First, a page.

Tomatoes Don't Prevent Prostate Cancer

Study Shows That Lycopene Doesn't Cut Risk of Prostate Cancer

Medically Reviewed by Brunilda Nazario, MD on May 17, 2007

May 17, 2007 -- The news that tomatoes could prevent prostate cancer sounded too good to be true, and apparently it was.

Lycopene, found mainly in tomatoes and tomato products, had little impact on prostate cancer risk in a new study from the National Cancer Institute and Seattle's Fred Hutchinson Cancer Research Center.

Early research suggesting a protective role for lycopene spurred great commercial and public interest in the antioxidant in the late 1990s.

But subsequent studies have been either contradictory or inconclusive, Fred Hutchinson assistant professor and researcher Ulrike Peters, PhD, MPH, tells WebMD.

The new research, led by Peters, is one of the largest and most rigorously designed trials ever to examine the issue. And the lycopene findings were unequivocal.

"It would be great if it were true. [Eating tomatoes and tomato products] would be a cheap and easy way to lower prostate cancer risk, and it would be a great public health message," Peters says. "Unfortunately, it's not that easy."

Colorful Nutrients

Just as the similar nutrient beta-carotene makes carrots orange, lycopene is responsible for the bright red color of tomatoes. The two compounds are among the pigments synthesized by plants and are known as carotenoids.

The latest study involved 28,000 men between the ages of 55 and 74 participating in a larger, nationwide cancer screening trial. Blood samples were taken from all study participants at enrollment, and blood levels of lycopene, beta-carotene, and other carotenoids were measured.

The men also completed questionnaires assessing their diet, lifestyle, and overall health.

During up to eight years of follow-up, 1,320 cases of prostate cancer were diagnosed among the men in the study.

There was no significant difference in blood lycopene levels among the men who developed prostate cancer during the follow-up and those who did not.

However, beta-carotene was associated with an increased risk of aggressive prostate cancer.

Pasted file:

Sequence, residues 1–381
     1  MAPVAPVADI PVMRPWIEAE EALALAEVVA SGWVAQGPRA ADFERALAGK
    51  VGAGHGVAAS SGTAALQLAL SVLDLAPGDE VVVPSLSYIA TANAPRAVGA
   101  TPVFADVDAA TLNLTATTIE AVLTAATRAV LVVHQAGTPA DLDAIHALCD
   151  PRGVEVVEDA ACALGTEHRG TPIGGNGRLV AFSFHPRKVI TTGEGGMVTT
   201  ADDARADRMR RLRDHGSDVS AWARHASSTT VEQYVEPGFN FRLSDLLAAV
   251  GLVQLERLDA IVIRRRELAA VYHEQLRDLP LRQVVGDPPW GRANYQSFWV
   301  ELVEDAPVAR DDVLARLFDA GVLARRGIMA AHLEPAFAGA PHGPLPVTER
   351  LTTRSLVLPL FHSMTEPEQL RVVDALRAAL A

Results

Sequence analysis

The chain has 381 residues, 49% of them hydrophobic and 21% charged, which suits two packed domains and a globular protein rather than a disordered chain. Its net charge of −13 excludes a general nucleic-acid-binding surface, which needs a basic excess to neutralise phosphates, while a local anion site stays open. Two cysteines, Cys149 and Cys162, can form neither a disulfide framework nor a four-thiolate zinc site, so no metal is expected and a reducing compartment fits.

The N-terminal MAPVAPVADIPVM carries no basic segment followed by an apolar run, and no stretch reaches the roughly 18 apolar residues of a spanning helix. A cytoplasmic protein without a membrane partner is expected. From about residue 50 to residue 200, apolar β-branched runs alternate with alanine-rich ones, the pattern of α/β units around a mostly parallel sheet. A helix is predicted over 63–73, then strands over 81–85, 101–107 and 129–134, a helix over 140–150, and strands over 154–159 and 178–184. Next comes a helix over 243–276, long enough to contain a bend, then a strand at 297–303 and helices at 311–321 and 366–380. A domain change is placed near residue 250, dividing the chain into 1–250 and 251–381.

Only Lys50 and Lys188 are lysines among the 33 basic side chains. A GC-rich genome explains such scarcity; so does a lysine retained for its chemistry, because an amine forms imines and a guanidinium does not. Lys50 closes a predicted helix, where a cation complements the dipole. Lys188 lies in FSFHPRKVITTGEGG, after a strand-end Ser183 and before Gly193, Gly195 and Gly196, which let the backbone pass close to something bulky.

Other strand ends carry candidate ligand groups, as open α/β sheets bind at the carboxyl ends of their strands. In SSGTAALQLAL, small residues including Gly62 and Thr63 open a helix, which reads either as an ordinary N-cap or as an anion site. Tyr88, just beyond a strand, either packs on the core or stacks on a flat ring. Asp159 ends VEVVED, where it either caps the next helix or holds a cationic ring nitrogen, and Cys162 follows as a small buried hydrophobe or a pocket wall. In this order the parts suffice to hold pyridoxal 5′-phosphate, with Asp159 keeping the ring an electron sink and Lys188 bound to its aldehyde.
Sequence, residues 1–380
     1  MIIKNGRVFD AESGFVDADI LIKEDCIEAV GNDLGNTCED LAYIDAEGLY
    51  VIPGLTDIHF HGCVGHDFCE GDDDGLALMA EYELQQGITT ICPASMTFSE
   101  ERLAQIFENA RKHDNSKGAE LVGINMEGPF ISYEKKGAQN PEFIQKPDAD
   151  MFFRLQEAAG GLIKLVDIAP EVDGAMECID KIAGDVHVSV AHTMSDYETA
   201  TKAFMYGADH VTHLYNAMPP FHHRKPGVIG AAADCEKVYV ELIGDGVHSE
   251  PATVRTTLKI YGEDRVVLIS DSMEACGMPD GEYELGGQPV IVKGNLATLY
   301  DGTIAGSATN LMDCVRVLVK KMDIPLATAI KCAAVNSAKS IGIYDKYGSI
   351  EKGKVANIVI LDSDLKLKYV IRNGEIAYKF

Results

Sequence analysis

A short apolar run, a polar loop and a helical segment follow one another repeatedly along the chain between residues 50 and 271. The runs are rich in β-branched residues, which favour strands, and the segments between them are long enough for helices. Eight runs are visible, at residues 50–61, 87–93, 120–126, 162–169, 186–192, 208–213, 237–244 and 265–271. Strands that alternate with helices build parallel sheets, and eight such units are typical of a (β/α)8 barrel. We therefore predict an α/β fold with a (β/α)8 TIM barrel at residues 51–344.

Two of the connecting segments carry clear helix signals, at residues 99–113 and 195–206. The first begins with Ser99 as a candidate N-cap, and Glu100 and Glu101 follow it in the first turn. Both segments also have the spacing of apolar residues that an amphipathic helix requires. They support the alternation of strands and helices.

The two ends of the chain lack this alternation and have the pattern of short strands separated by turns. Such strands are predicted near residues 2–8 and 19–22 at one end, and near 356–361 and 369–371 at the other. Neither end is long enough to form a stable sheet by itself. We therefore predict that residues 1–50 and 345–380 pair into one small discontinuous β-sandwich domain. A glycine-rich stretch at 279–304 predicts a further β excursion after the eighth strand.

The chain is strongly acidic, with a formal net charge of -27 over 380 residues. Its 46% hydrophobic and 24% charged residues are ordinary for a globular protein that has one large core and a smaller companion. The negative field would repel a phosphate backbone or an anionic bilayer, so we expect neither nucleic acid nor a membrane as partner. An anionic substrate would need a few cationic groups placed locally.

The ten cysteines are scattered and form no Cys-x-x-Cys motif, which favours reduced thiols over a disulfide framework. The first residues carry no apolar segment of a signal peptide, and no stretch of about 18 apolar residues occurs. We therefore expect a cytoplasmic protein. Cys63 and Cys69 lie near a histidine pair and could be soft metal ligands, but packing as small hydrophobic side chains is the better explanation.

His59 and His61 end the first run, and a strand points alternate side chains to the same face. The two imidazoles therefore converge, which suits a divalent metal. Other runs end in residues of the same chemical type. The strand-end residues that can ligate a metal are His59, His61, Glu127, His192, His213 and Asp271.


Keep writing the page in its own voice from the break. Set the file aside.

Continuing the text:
The researchers found that men with the highest blood beta-carotene levels had a much higher risk of developing aggressive prostate cancers.

Peters calls the finding surprising.

"We are not sure if this was a real effect, or one that was due to chance," she says. "We do know [from other studies] that very high doses of beta-carotene seem to increase lung cancer risk in smokers."

The results do not support the use of lycopene, beta-carotene, or other carotenoids in prostate cancer prevention, the researchers write.

Focus on Diet, Not Pills

So what can be said about the influence of diet and lifestyle on prostate cancer risk? Not much, says Peters.

There is growing evidence that obesity increases a man's risk for the disease and some suggestion that a healthy diet may be protective. But neither association has been proven.

American Cancer Society nutritional epidemiologist Marji McCullough, PhD, says it is increasingly clear that cancer prevention efforts should focus more on healthy diets and less on single nutrients like lycopene and beta-carotene.

"Single nutrients don't always give you the big picture," she says. "We saw that a few years ago in the beta-carotene studies."

Researchers thought taking beta-carotene would help prevent lung cancer in smokers, but they ended up finding more cancers in the smokers who took the antioxidant supplements.

McCullough says the message from those studies and this one is that until more is known, individual carotenoids should not be taken in high doses in supplement form.

"I would recommend that people try to get their carotenoids and other nutrients from the foods they eat," she says. "That ensures that they are getting the nutrient in its natural form along with the other nutrients in those foods."

Show Sources

SOURCES: Peters, U. Cancer Epidemiology Biomarkers & Prevention, May 2007; vol 16: pp 962-968. Ulrike Peters, PhD, MPH, assistant professor, cancer prevention program, Fred Hutchinson Cancer Research Center, Seattle. Marji McCullough, PhD, nutritional epidemiologist, American Cancer Society.

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